Donald Roller Wilson (1938–)

Donald Roller Wilson is a nationally acclaimed artist whose paintings use distinctive and mysterious imagery. He lives in Fayetteville (Washington County).

Roller Wilson was born on November 23, 1938, in Houston, Texas. At the age of six, he moved with his family to northern Nebraska when his father opened a company that made farm combines. In 1945, the family moved to Wichita, Kansas. The last of three children, he grew up essentially an only child because his brother and sister were much older. His first artistic experience was painting signs on beer trucks.

After earning an MFA in painting and art history at Kansas State University in Wichita, he taught painting at the University of Arkansas (UA) in Fayetteville from 1967 to 1974. In 1969, his work was the subject of a one-man show at the Houston Museum of Contemporary Art, followed a few years later by a show at the Whitney Museum of American Art in New York City. After this, the Finley Gallery of New York approached Wilson about representing him, and it became his first dealer. His work began to attract wide attention, with reviews in the New York Times and Time magazine, and celebrities began buying his paintings.

Wilson studied the techniques of the old masters and French neoclassical painters. To make imagery look real, he created paintings with smooth surfaces that made observers feel as though they were looking at a photograph rather than a painting. He described his work’s content as a “by-product” of his thoughts. He said he spends his “days and nights pondering the meaning of life, the state of the universe, and the Home Shopping Network….More than anything, my work deals with pointlessness. It takes all the arrogance out of everything you do when you know that God is so much bigger than you are. And yet everything you are and do and see is filled with God: the grass, the asphalt, and the people fighting over Aqua Net at Wal-Mart….You can make a profound intellectual statement just by basing your efforts on silliness.”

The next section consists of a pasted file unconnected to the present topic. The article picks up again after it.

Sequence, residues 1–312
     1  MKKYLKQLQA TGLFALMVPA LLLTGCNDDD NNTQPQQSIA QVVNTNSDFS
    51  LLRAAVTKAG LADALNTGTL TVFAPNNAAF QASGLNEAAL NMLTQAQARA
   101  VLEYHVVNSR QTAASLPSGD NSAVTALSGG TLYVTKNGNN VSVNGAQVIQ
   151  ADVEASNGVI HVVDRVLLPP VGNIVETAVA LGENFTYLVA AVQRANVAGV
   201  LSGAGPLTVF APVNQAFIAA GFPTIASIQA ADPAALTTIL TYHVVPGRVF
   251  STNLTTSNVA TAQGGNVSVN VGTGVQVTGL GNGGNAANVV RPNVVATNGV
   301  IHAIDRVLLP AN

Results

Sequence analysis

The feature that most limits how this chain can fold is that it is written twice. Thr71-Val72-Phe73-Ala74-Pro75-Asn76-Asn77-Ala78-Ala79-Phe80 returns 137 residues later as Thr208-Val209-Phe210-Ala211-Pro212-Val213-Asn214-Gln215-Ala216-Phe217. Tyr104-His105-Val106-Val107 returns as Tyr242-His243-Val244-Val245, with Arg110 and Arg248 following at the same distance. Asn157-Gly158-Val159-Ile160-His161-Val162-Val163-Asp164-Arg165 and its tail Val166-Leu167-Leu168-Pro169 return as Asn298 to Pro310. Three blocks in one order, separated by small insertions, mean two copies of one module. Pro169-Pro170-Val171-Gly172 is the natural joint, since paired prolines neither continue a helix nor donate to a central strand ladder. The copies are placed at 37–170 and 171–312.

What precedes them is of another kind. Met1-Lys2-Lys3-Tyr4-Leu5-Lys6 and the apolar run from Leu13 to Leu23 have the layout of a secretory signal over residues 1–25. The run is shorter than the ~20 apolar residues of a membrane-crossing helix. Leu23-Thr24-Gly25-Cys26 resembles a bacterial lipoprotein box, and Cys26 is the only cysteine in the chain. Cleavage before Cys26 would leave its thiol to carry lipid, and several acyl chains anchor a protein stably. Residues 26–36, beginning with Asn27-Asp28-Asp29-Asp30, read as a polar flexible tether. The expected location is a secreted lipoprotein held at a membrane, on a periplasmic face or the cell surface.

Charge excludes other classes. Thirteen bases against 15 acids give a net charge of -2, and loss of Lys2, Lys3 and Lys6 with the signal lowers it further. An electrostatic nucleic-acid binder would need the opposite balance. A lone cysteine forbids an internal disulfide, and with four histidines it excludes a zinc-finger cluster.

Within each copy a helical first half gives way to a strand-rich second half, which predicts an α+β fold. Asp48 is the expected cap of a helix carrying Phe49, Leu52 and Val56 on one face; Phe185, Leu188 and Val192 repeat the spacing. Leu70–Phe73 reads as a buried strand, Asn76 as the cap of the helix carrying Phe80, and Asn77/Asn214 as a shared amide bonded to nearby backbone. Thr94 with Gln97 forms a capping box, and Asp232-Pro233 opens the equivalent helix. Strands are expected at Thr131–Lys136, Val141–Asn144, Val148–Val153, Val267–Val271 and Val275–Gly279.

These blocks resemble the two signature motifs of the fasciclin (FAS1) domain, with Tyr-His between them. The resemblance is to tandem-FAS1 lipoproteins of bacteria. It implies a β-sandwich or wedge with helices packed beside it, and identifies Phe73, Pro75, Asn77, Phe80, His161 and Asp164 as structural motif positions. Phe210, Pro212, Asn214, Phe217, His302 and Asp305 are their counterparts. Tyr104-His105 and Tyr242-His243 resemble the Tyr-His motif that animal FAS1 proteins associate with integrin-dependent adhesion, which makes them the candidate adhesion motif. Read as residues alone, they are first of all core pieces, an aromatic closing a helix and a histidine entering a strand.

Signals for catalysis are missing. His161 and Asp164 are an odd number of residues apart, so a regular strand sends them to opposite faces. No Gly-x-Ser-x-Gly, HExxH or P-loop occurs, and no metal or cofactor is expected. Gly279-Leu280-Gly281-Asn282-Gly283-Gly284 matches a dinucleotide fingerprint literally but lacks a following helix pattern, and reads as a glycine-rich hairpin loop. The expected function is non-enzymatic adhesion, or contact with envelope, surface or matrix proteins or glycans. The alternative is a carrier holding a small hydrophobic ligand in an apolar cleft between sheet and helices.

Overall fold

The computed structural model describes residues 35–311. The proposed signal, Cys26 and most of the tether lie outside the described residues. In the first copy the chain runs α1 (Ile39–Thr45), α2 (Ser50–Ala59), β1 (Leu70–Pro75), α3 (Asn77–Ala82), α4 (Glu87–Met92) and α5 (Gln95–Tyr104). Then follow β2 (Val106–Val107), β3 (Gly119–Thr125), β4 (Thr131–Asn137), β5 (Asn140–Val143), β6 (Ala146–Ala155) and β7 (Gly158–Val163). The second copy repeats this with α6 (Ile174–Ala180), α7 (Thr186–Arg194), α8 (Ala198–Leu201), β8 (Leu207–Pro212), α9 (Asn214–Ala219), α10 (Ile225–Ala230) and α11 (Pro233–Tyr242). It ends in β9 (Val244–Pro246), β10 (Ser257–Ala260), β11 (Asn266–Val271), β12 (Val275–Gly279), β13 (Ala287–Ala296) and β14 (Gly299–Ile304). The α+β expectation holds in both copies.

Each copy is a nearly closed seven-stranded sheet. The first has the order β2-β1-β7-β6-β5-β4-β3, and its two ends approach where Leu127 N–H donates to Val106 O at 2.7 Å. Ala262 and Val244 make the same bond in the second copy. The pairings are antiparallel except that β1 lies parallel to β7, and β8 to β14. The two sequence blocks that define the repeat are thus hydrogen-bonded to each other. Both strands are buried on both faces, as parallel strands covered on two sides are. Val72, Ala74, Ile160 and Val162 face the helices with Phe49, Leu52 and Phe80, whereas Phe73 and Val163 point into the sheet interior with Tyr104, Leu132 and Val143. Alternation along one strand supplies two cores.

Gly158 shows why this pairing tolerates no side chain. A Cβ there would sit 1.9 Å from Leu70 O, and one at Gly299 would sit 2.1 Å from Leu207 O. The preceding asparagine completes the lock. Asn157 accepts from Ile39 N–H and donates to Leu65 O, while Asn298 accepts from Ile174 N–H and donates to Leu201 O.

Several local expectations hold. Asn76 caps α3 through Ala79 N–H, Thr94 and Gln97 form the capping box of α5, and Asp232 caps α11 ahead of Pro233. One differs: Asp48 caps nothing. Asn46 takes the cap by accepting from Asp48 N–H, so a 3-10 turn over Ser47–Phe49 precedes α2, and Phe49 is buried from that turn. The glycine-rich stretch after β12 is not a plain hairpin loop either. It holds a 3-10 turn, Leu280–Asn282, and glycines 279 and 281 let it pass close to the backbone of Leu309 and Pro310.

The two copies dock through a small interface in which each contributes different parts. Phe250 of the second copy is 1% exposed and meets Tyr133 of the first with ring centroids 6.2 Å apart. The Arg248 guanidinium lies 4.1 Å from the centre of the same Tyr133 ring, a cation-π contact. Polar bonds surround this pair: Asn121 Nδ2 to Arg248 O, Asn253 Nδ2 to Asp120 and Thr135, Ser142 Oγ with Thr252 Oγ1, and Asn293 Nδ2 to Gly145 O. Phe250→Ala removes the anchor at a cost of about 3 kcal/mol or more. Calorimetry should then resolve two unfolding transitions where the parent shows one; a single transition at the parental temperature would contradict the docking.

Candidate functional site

Maia Jalenak, curator of the Louisiana Arts and Science Center, said of Wilson’s work, “The bizarre happenings in the paintings are meticulously rendered with amazing detail, jewel-like colors, and a sparkling surface quality. Enigmatic captions are often painted directly on the canvases or on the magnificently carved and gilded frames designed by the artist. These captions give clues to what is happening in the paintings and are part of an unfolding storyline akin to a gothic Southern tale.”

Wilson stretches and prepares his canvases himself, hanging them to dry for two years before using them. He designs and has a frame custom built for each painting. His process involves creating the scene to be painted in his darkened studio, lighting it theatrically, and then painting what he sees. For his accurate portrayals of apes, Wilson works from memory and uses drawings he created while pretending to be a professor of zoology to gain access to primate houses for extended observation. He generally works seven days a week, going as many as forty days without a break.

Wilson’s work is displayed at the Arkansas Museum of Fine Arts in Little Rock (Pulaski County); the Brooklyn Museum; the Art Institute of Chicago; the Whitney Museum; the Bank of America in San Francisco, California; and the Hirshhorn Museum and Sculpture Garden at the Smithsonian Institution in Washington DC.

For additional information:
Donald Roller Wilson. (accessed July 11, 2023).

Wilson, Donald Roller. Roller: The Paintings of Donald Roller Wilson. San Francisco: Chronicle Books, 1988.

———. A Strong Night Wind. Albuquerque: Wright Publishing Company, 1995.

Erin Branham
Arkansas Arts Center


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